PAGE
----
The centennial observations of World War I remind me that while some of the causes of this global catastrophe are still relevant today—arms races, flawed governments, stunted diplomatic communications—one ingredient is largely absent: imperialism. Great Britain’s established empire, the African aspirations of France and Belgium, and Germany’s fear of being left out of the carving up of the world contributed much to the tensions of the times. But independence has prevailed: Imperialism is all but dead.
Except in the beer market. I’m not talking about massive brewing internationals clashing for chunks of the Chinese and African markets, and I’m not talking about imperial vs. session beers.
It’s about the production moves by the big players in the regional sector. Established regional brewers are looking to expand and support their national sales by building second breweries in new markets. Sierra Nevada Brewing Co., Oskar Blues Brewery, New Belgium Brewing Co., Lagunitas Brewing Co., Stone Brewing, Green Flash Brewing Co., Deschutes Brewery, Atwater Brewery, Ballast Point—even Scotland’s BrewDog—have or are building large facilities in markets that must look underexploited to them.
A few of those are being funded by big brewer money, but that misses the point. This is about brewers moving into underdeveloped markets in a big way, brewing huge volumes of fresh beer and supporting it with well-trained, substantial sales teams in new territories.
Make no mistake, when a brewer builds a large new brewery over 1,000 miles from home, it’s designed to do one thing: sell a LOT more beer there. Those sales are not going to come out of former light beer drinkers, either. The brewers are targeting the people who are already drinking the kind of beer they’re selling: IPA (both the fruited and the plain), imperial stout, wheat beers, even gose, God help me. They may be doing collaborations with local brewers, but on the shelves and in the bars, it’s all about stealing shelf space and taking taps.
OK, this is the beer business, and that is how it works. But look how much it’s like good old-fashioned imperialism. These are outside powers (established brands with solid name recognition) with advanced technology (centrifuges, sophisticated packaging systems, cutting-edge brew houses) and professionally trained troops (experienced, tech-supported sales teams) moving into unexploited territories (markets without a dominant regional brewer) to create a new and profitable market for their products, on terms that favor them over any local firms (economies of scale and the state and local tax incentives most of these expansions have received). They’ve moved in, they’ve built, and they’re not going away.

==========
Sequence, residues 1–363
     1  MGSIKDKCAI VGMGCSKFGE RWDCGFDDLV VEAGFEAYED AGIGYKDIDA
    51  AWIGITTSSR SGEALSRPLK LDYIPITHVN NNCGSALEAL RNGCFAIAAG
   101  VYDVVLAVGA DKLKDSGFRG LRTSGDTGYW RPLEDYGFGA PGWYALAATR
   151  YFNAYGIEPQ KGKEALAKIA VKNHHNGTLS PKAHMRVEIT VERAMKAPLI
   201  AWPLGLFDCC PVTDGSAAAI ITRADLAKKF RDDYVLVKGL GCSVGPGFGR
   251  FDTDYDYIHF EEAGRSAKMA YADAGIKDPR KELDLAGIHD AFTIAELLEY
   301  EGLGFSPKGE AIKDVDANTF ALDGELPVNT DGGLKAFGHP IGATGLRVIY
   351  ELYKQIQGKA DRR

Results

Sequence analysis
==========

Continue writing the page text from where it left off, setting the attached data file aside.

Is that good, or bad, for us, the beer drinkers? Well, I have to be honest: Six years ago, I would have said that anything that meant more fresh Sierra Nevada Torpedo in my local market was an unalloyed Good Thing. Then one day, after three delicious helpings of Torpedo, I looked in a mirror and asked myself, “What about your local brewers, Lew?” And my eyes filled with tears.
Well, that didn’t actually happen. But I did start to think about what this could lead to, and you should as well. The major difference in the U.S. brewing category in the past 40 years is an increase in variety: a huge number of new brewers offering thousands more beer choices. Variety has been good for the consumer, almost without exception. Don’t like that beer? Choose another!
Imperialism is not good for variety. It may be good for quality, or hoppiness, or prices for the drinker, but it is not good for variety. It’s not supposed to be! It adds one variety to a local beer market: the big outsider’s line. But the big outsider will also bring sales muscle and lower prices, which leads to hard competition and hard choices for small brewers.
That’s how this works. Unless they pick up sales from a large number of light lager drinkers changing their preferences—something that sales numbers seem to indicate is slowing—it’s inevitable that large breweries producing established brands in new territories will mean small, local brewers going under from the uneven competition.
So should you stop buying Stone, or Deschutes, or New Belgium? Should I stop drinking Torpedo? No, that’s nuts. They’re good beers, and they’re fresher if they’re brewed closer. Just remember your good local brewers: Support variety. That’s what this whole thing is about. Keep it fair, keep it varied. We don’t need a war to solve this.
Lew Bryson has been writing about beer for more than 25 years and is the author of Tasting Whiskey. On Twitter @LewBryson.